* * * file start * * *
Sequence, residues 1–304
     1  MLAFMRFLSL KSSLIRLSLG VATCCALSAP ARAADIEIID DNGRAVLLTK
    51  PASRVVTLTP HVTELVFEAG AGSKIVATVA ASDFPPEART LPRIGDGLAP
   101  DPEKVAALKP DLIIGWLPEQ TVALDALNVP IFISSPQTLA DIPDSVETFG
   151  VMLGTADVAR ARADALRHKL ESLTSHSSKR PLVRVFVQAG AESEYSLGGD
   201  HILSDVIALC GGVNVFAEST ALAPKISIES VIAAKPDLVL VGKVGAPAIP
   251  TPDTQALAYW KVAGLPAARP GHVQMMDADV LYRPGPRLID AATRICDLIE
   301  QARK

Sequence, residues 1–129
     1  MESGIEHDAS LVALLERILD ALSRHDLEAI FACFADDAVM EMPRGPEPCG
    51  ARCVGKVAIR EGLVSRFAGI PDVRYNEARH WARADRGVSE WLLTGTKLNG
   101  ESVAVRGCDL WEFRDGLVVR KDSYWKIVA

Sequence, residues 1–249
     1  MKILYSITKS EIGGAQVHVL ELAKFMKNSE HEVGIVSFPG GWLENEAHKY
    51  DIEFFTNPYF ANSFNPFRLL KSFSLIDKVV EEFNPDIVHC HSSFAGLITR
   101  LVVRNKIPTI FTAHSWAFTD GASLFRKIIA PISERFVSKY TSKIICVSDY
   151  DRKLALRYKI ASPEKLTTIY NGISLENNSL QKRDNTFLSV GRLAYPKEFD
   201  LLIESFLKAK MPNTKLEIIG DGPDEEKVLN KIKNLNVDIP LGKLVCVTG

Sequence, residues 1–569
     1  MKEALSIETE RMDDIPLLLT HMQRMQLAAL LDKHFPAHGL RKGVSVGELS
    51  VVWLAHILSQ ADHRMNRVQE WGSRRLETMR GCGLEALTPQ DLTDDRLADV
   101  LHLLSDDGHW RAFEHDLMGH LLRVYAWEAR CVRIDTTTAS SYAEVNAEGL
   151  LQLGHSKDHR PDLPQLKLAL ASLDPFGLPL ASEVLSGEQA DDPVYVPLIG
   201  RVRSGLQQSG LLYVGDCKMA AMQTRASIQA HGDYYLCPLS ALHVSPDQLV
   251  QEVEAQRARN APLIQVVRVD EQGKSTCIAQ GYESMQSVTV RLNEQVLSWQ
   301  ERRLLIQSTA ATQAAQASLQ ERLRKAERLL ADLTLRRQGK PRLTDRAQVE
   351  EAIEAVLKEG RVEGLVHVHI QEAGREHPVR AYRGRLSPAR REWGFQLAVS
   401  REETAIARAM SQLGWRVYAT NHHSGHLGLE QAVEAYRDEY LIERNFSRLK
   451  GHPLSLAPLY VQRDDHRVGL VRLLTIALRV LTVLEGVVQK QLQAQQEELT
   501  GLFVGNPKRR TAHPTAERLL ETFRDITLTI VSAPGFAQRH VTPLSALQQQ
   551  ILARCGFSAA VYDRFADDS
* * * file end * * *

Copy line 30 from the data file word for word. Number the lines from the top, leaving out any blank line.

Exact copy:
   501  GLFVGNPKRR TAHPTAERLL ETFRDITLTI VSAPGFAQRH VTPLSALQQQ